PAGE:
The Philippines Red Cross and World Vision Philippines launched emergency appeals and mobilised emergency teams to provide humanitarian support and deliver urgent relief and longer-term recovery efforts. The World Food Programme (WFP) promptly responded to the disaster by providing food and cash assistance to the affected population. It also provided emergency assistance, such as logistics support and telecommunications services, followed by early recovery activities. Organisations like Planet Water Foundation and Waves for Water worked to provide safe drinking water and clean water for domestic use to the affected population. The International Labour Organization (ILO) operated with partners and communities to prioritize decent work and sustainable livelihoods as key elements of the disaster response, promoting a human-centred recovery approach. The Ramon Aboitiz Foundation Inc (RAFI) activated its Humanitarian Disaster Preparedness and Response team to mobilise relief packs, drinking water, shelter kits, and psychosocial support in the affected areas.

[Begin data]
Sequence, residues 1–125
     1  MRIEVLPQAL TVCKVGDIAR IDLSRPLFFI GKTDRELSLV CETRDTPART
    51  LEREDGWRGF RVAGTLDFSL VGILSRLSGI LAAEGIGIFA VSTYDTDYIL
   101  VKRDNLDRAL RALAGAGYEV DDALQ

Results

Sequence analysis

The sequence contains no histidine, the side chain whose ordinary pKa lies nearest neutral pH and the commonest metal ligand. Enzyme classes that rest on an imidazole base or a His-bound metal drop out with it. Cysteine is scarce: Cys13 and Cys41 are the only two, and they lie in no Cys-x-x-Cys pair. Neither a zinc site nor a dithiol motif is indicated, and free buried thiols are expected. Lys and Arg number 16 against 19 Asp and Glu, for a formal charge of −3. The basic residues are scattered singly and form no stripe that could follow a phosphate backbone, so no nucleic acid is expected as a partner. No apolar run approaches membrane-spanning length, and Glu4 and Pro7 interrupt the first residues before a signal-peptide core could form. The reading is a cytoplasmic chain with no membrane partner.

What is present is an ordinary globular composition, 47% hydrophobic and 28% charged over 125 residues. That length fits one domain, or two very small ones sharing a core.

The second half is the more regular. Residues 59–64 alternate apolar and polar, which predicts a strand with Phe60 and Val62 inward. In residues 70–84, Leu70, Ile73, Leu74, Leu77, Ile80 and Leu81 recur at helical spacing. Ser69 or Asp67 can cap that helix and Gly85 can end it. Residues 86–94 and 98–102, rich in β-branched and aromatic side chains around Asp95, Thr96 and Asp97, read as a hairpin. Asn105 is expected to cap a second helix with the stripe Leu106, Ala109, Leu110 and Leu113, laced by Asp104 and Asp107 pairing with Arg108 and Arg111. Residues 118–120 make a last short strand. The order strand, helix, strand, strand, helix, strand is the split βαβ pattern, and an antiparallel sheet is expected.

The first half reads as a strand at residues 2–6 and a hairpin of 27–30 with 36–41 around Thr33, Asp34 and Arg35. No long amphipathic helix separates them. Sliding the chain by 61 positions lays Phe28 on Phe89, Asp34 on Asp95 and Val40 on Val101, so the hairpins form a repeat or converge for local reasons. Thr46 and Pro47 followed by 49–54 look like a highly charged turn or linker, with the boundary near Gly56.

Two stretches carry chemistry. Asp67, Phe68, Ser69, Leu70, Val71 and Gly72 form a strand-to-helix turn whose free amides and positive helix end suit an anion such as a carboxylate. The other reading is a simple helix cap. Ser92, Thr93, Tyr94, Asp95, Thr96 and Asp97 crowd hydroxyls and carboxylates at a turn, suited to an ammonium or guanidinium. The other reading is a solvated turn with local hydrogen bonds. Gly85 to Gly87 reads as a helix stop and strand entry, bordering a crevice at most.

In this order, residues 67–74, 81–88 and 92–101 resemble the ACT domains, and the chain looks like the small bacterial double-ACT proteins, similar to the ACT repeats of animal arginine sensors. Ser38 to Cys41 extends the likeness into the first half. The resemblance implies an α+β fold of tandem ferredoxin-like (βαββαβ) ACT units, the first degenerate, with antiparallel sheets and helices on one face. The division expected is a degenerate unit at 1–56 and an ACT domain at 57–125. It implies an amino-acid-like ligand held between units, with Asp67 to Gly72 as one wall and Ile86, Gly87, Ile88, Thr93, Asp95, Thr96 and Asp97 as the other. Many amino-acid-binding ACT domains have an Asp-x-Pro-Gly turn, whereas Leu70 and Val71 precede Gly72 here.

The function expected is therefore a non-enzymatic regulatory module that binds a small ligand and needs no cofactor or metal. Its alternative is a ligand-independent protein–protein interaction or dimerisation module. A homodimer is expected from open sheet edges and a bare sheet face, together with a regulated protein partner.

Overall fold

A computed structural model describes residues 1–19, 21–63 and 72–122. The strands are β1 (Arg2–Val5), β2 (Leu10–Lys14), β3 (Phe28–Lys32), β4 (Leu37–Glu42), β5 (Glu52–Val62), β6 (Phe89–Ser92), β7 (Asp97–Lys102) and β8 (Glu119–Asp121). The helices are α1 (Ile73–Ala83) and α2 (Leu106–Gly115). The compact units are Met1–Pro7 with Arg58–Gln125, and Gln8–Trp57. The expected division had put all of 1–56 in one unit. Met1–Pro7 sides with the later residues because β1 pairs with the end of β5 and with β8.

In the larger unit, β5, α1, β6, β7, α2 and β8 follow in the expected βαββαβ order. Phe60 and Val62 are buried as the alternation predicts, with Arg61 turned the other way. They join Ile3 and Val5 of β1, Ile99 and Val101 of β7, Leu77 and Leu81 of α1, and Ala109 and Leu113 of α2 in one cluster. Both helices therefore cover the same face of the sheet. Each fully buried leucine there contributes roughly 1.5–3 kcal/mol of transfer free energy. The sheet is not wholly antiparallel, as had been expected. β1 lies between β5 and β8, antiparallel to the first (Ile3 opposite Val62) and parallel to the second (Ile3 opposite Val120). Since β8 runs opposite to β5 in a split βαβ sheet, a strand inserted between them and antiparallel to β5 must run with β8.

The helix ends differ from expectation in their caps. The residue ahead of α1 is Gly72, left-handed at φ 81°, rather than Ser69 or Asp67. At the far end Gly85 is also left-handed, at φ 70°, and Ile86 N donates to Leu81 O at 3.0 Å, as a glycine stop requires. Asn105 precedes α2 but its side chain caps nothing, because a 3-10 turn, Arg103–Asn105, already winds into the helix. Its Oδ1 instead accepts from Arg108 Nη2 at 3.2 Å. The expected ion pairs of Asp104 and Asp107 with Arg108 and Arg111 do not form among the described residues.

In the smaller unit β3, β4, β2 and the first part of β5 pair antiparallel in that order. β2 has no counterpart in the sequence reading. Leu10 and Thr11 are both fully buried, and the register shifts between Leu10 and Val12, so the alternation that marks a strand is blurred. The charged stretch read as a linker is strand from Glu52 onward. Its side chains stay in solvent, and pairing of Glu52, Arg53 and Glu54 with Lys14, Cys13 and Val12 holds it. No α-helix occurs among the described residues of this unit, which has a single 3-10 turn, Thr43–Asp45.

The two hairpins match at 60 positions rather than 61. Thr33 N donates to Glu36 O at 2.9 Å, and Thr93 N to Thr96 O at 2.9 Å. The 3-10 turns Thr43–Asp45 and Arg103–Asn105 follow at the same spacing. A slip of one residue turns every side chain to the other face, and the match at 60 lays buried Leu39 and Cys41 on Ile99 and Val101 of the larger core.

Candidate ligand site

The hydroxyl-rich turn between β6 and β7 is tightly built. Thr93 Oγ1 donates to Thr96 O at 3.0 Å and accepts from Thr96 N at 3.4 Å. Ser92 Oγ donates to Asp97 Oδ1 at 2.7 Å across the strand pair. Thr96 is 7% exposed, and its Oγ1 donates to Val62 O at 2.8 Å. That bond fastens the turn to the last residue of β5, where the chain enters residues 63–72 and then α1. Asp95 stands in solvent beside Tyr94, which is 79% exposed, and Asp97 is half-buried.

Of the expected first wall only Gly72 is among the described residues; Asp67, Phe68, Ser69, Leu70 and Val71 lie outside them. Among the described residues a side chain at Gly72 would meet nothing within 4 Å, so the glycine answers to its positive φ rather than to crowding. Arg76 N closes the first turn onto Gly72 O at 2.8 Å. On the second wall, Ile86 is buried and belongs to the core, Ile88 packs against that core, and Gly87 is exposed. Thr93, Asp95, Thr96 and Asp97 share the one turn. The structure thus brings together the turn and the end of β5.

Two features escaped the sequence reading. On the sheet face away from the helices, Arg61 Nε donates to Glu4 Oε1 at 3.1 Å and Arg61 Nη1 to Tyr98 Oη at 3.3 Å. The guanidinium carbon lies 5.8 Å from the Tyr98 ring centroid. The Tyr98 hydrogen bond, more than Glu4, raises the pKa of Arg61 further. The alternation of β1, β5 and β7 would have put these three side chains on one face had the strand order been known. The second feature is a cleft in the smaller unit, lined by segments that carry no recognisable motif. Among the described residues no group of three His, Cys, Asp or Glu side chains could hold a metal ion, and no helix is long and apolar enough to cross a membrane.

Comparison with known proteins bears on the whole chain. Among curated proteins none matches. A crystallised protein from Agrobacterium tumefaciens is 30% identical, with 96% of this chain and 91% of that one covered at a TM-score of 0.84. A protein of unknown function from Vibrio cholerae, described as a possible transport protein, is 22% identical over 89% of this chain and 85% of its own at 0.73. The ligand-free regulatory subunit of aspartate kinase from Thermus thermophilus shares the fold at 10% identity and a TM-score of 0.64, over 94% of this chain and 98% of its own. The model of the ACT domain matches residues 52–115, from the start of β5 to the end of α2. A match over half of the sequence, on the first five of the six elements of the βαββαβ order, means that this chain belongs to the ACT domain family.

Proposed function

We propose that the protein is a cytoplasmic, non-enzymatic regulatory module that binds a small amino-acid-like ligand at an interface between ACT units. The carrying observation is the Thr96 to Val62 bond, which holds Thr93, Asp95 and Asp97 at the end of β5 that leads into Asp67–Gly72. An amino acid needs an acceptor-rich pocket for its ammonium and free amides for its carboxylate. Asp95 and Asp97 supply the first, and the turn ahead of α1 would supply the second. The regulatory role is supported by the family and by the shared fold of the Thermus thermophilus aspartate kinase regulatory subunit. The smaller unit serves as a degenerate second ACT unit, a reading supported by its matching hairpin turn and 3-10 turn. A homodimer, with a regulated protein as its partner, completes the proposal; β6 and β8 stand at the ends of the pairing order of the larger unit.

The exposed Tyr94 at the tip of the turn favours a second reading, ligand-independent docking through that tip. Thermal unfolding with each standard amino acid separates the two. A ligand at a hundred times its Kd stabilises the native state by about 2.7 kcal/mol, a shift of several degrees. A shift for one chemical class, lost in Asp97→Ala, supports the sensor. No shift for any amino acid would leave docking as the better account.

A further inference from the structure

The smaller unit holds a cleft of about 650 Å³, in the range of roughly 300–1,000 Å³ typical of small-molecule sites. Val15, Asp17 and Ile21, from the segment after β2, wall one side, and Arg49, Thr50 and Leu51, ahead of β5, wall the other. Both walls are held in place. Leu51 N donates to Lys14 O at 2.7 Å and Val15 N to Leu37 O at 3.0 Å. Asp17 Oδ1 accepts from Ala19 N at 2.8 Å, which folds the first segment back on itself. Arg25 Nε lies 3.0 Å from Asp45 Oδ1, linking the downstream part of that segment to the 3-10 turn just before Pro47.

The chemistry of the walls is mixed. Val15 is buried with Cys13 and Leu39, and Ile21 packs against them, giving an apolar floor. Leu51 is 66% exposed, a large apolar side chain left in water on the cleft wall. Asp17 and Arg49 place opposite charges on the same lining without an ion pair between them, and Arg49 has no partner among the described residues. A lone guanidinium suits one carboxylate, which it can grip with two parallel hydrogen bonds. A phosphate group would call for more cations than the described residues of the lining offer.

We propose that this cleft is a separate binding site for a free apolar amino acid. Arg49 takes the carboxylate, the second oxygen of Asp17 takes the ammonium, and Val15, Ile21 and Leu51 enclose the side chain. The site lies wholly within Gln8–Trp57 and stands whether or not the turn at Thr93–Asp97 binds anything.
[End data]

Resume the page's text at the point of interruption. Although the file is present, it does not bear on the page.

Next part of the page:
The displacement caused by STY Odette has exacerbated existing social tensions and inequalities within affected communities. The impact of the typhoon has disproportionately affected marginalised communities, particularly those reliant on industries such as farming and fishing. The damage inflicted on these sectors, including the loss of crops and damage to fishing equipment, has resulted in loss of livelihood, and created significant challenges for IDPs. As a result, there is heightened concern regarding the potential impact on reintegration into the workforce and employment stability. Around 2.2 million workers have been directly affected by the typhoon, with regions like Western Visayas, Eastern Visayas, Central Visayas, and Caraga facing the highest workforce impacts. In particular, women, who were already in low paid jobs in sectors such as agriculture, wholesale and retail trade, and domestic work, now face increased economic uncertainty. Additionally, the complications faced by the tourism industry and its workforce during the COVID-19 pandemic have been magnified by the typhoon.